This was the year of desktop Linux

It's the compatibility between Chromium and Android, based on Linux, which I think gives the old mouse-and-keyboard upright posture desktop Linux yet-another chance.

Before Israel was founded in 1948 it made sense to conclude a Passover seder with the words "Next year in Jerusalem." With Israel a reality the arguments over the phrase have changed. Yet they endure.

Desktop Linux is the same sort of deal. Linux believers always assume that next year will be the year of desktop Linux. Windows followers often chide those who seek Linux with that belief, both here and elsewhere.

Before anyone starts thinking this Catholic boy has changed his stripes, my point is simply that, in the case of desktop Linux, Jerusalem is here.

This is the year.

This is also the year where the definition of a desktop has changed. Apple changed it with the iPhone and, now, the iPad. Microsoft has failed to deliver in both these key areas. Linux has not.

Google gets the credit for that. As I noted yesterday Google Android has soaked up the excess demand for Internet hand-held devices that the iPhone left on the floor. My guess is that, once Chromium comes out, you'll have the same experience there.

Linux has broken through because Google has the size to go toe-to-toe with either Microsoft or Apple, and push product through distribution. (Remember, there is a price lower than free.)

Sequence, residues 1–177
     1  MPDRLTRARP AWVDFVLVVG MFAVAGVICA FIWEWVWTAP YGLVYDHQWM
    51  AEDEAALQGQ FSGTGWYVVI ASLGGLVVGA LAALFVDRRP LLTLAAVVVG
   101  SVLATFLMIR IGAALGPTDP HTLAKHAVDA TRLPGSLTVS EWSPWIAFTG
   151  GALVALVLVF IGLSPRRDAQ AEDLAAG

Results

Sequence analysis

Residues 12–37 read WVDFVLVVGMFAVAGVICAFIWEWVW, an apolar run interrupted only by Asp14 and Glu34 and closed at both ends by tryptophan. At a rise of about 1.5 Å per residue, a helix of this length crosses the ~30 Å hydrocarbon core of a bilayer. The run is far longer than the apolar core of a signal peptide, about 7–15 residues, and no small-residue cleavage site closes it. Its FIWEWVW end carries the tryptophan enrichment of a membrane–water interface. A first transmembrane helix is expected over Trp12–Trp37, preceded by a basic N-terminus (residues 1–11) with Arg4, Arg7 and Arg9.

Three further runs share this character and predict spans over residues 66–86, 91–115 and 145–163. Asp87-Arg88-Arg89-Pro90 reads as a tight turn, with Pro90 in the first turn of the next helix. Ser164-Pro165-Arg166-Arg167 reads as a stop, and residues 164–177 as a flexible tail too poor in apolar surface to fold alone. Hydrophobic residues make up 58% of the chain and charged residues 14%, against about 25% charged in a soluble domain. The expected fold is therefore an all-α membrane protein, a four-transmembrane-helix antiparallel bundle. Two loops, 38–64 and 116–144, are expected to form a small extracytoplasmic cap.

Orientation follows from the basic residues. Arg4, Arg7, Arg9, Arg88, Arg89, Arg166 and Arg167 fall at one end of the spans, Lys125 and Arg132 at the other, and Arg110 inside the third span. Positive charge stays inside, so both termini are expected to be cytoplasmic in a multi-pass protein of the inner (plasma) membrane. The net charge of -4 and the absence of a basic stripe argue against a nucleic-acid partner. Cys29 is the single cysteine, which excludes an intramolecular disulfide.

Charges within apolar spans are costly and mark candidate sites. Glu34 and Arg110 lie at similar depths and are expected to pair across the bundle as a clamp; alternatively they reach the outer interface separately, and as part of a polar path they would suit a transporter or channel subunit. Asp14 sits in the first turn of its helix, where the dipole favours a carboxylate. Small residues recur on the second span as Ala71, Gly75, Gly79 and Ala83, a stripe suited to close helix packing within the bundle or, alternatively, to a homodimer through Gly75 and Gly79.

It's the compatibility between Chromium and Android, based on Linux, which I think gives the old mouse-and-keyboard upright posture desktop Linux yet-another chance.

Linux Mint and Ubuntu are building the kind of simple-then-power relationship that will exist between Android and Chromium, and which existed in the past between Windows and Windows NT.

Mint offers simplicity and a full application suite. It abstracts all the complexity of the command line, much as Android and Chromium do. Even our own Jason Perlow likes it (and he is hard to please).

What's still missing is the financial wherewithal to push this through the distribution channel. But with the success of Google as a patron for hand-held Linux, are Microsoft followers certain one can't be found for the old-fashioned desktop?

My larger point is it doesn't matter. Either Mint and Ubuntu will gain desktop traction or Google will simply bypass them.

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